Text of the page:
UK immigration is about to become more difficult under the terms of the Government’s new Immigration Bill published today.
The Bill includes a number of new checks and charges for migrants, plus a reduced appeal process, which will make it more difficult for people to settle in Britain and obtain UK work permits. Banks and private landlords will be required to check applicants’ immigration status before opening accounts or letting property, and new powers will be granted to check driving licence applications against immigration records.
People in the UK on temporary visas will be charged a fee to access NHS treatment and there will be a fresh attempt to stop people obtaining UK visas through ‘sham’ marriages. The Bill will also reduce the number of deportation decisions which people can appeal against from the current 17 to just four, and a ‘deport first’ stance will be take with foreign criminals.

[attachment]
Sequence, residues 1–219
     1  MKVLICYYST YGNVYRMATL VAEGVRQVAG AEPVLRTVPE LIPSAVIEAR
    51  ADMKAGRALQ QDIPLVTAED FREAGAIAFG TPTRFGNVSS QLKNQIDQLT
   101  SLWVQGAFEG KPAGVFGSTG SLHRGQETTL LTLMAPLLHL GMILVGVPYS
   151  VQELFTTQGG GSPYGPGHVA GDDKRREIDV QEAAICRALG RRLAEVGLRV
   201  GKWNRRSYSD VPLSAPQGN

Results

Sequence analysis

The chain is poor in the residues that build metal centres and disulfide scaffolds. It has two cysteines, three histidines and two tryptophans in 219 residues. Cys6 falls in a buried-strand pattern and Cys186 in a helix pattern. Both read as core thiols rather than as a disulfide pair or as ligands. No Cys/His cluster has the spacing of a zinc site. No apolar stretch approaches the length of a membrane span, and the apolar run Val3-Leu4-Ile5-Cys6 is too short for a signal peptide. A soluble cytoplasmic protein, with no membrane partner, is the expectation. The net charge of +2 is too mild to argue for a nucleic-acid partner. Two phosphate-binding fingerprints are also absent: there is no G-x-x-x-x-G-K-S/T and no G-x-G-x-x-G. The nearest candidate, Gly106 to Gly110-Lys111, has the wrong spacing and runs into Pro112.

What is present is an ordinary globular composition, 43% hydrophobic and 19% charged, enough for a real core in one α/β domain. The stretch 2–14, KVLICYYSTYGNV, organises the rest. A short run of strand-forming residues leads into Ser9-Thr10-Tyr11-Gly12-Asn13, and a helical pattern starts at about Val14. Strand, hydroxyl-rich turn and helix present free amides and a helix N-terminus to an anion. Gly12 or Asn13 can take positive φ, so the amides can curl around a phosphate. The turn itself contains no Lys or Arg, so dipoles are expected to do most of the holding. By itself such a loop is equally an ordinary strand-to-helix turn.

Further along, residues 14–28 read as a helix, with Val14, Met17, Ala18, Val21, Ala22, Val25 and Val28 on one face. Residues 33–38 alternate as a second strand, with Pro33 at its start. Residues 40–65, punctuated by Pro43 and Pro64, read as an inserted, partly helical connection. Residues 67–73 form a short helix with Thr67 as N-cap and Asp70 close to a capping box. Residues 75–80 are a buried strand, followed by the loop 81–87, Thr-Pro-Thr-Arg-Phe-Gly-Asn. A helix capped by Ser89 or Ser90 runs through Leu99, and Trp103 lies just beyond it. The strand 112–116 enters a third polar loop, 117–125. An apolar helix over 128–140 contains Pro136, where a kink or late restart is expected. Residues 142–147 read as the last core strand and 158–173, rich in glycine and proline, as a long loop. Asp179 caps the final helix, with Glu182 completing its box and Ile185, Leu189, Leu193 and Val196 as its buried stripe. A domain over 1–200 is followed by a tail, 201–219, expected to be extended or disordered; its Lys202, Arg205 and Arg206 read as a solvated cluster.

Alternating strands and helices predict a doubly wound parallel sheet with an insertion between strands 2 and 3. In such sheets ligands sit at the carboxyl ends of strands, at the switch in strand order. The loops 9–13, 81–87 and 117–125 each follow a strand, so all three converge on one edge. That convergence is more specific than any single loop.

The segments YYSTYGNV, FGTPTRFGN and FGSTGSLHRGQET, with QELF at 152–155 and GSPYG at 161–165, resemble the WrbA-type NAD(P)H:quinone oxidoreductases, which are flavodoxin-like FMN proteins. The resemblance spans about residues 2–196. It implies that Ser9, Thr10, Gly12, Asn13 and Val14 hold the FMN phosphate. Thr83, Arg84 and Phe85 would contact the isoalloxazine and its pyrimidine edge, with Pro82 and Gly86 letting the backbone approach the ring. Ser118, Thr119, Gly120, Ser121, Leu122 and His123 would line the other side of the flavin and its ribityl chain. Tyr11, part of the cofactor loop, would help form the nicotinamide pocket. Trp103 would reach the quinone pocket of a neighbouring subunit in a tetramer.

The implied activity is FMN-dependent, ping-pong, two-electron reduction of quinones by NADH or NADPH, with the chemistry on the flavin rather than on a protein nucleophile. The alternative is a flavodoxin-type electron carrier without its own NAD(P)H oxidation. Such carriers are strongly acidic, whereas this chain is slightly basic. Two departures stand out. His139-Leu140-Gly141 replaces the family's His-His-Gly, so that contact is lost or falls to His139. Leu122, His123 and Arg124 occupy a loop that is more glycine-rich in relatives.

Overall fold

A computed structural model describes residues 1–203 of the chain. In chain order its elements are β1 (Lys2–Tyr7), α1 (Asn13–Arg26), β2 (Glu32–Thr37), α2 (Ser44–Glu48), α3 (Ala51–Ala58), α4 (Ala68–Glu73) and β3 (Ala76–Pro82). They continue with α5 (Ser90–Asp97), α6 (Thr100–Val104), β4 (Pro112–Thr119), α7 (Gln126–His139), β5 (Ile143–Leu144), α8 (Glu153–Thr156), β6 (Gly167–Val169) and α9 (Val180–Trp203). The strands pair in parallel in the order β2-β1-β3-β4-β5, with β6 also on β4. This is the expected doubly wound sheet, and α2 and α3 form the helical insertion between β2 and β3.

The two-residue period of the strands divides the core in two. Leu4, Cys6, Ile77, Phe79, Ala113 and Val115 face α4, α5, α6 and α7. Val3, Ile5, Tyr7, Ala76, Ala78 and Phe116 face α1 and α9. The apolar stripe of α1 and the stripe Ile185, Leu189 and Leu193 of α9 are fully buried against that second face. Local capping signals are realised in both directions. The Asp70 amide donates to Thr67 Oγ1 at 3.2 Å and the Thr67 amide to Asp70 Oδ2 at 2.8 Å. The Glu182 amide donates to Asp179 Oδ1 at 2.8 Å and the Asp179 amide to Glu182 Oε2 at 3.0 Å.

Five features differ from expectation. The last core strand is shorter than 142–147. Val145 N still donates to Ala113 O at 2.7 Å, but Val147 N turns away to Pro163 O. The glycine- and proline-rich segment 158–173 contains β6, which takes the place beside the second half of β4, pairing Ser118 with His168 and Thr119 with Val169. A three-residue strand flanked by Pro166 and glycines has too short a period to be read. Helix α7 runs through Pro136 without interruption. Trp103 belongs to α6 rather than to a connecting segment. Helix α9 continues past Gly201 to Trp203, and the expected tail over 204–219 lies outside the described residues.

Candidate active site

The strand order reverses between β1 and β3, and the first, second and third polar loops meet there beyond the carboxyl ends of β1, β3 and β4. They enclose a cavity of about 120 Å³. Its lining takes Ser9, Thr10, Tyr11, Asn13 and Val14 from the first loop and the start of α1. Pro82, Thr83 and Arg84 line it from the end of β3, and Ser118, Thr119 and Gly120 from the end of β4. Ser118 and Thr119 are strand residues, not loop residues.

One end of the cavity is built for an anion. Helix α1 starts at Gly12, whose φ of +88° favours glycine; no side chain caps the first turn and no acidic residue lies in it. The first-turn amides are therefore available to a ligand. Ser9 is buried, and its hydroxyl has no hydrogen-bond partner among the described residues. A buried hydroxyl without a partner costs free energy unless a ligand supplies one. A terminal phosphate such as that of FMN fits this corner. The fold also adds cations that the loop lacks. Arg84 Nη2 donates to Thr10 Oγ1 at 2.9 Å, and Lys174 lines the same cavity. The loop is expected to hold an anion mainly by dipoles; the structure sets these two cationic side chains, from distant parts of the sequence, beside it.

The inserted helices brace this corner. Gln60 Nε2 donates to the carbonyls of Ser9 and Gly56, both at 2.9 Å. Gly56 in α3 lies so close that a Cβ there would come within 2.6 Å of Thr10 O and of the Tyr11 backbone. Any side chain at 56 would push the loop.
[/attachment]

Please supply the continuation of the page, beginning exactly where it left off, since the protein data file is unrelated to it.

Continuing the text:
Immigration minister Mark Harper said: "The Immigration Bill will stop migrants using public services to which they are not entitled, reduce the pull factors which encourage people to come to the UK and make it easier to remove people who should not be here.
"We will continue to welcome the brightest and best migrants who want to contribute to our economy and society and play by the rules. But the law must be on the side of people who respect it, not those who break it."
The Government wants to cut net UK migration from countries outside the EU to fewer than 100,000 annually. The figure stood at 176,000 last year, according to Office for National Statistics figures.
The Bill has been criticised by a number of health and housing groups as being unworkable and poised to create a ‘bureaucratic nightmare’, the BBC reported.